- Stakeholder Alignment – at this stage they had their audit data and could go out to stakeholders to internally sell the need for change. They also put a lot of time into regional coordination to make sure local marketers would buy in to and follow the program.
- Develop Strategy & Goals – establishing goals and objectives helped guide everyone globally to
- Develop Supporting tools – to make sure everyone followed the plan, they developed global style media guide and implemented Buddy Media for everyone to use to publish and monitor content
- Organize for Success – her team needed to make sure that the stakeholders had access to the tools, content guidelines and training
- Global tools & Content – This included seeded content, optimized labels in Buddy Media, and common global analytics that could be tracked and reported
- Continuous Improvement – finally, now that the program is in place, they are look for ways to continually improve their social media presence. This includes making sure marketers are content planning many weeks in advance, sharing best practices sharing, testing new concepts and learning as they go.
Results showed that they increased their global fans 63%, which is tremendous. They also now have consistent global branding and messaging, along with local in-country specific content.
Take a look at Jim Beam on Facebook and let me know if you think they have been successful.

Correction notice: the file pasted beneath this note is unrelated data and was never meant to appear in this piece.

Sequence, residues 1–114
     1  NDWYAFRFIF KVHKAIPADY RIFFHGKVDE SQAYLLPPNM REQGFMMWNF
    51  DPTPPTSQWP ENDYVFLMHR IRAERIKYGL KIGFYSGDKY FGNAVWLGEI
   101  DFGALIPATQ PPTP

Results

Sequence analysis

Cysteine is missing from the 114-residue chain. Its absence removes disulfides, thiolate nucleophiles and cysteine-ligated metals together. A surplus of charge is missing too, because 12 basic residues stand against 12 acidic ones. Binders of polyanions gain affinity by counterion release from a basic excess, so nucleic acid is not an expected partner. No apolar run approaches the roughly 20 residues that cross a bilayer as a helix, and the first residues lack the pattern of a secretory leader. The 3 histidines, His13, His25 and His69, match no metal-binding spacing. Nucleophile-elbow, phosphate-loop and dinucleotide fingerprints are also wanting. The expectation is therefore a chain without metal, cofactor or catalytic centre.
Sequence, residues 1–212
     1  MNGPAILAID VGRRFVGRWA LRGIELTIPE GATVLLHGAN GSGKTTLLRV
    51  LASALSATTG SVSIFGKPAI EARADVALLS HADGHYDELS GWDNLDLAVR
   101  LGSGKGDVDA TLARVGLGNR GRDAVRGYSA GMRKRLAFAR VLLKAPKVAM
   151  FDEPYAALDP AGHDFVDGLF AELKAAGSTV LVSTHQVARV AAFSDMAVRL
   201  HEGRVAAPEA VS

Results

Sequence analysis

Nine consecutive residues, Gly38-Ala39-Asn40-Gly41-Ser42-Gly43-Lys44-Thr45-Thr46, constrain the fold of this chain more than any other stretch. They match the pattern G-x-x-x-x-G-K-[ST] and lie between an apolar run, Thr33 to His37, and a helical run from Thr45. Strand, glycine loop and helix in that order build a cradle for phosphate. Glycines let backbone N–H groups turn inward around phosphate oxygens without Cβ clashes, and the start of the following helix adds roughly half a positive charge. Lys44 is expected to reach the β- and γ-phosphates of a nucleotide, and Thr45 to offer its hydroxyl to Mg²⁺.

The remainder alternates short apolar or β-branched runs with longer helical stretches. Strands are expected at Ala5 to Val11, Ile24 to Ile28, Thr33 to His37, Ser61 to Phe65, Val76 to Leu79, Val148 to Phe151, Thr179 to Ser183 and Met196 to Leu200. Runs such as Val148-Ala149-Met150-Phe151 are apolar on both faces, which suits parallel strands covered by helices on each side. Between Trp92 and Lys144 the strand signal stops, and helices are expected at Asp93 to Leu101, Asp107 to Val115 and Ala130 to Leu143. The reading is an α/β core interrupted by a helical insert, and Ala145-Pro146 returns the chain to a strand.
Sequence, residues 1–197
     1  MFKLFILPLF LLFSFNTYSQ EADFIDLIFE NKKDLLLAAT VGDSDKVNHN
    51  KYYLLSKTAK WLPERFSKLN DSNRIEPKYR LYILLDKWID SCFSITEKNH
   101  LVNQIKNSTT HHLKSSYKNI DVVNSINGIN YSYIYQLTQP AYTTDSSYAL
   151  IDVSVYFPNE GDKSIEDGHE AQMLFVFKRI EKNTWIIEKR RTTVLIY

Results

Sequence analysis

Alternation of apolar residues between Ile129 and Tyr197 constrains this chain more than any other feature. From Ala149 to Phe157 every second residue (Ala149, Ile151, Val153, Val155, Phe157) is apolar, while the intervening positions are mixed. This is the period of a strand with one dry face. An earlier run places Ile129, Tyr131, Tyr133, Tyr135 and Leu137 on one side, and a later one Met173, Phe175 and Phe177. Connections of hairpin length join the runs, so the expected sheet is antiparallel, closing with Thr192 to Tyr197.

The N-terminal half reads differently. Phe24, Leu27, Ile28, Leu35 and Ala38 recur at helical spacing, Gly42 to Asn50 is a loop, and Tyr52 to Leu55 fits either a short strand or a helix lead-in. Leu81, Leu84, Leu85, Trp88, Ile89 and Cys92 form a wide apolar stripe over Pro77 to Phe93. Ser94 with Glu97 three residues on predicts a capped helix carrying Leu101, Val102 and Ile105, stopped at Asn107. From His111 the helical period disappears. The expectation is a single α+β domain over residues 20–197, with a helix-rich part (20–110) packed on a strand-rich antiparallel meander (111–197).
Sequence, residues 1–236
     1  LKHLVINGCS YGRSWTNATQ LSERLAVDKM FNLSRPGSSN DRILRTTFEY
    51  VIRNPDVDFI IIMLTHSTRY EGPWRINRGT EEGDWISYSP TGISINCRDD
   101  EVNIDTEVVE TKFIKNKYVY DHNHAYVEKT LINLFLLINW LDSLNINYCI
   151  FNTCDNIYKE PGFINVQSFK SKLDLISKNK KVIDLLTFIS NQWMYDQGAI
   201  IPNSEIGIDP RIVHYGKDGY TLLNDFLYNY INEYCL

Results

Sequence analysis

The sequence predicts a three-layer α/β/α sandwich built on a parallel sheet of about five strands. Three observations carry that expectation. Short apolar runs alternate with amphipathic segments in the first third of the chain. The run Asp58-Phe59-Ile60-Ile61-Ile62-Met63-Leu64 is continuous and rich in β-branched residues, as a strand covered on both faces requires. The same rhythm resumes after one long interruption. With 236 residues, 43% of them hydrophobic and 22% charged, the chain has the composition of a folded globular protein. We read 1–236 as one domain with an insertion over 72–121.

by November 18th, 2013
I attended a panel discussion on the power of content in your marketing efforts. The panelist agreed that content is really important, but it is becoming clear that lots of content is more important than spectacular content. Content like white papers or blog posts take a lot of time to put together, so you may not be able to have a lot of white papers or blog posts. Ideally you want to create different content for your personas, different content for where the reader is in the sales funnel, etc. For 5 personas and 5 levels in your funnel, you need 25 different content items. As you personalize content more and more, you need lots more content than you think. There are companies that can help generate lots of content, such as compendium.com, which was recently purchased by Oracle.
They also talked about how distribution of content is equally or more important than the content itself. They sited statistics that showed people are much more likely to convert to customers based on trusted sources of content. Which content do the trust? Recommendations by friends is obviously one highly trusted source. It turns out that content from an employee’s personal account is much more trusted than content from your brand account. So if your employee sends out a tweet using their own account, readers are more likely to engage with that content than if the exact same content was distributed via the company’s Facebook page.
Think about that. We put a lot of time and money into our company’s Twitter or Facebook account. But people will pay more attention if your employee tweets from their personal account. Getting employees to post on behalf of the company is a challenge,
but there are many ways to enable this, including some new systems such as addvocate.com.
So a big takeaway for me is that you need to have a strategy around content marketing and take content distribution techniques very seriously.
by November 18th, 2013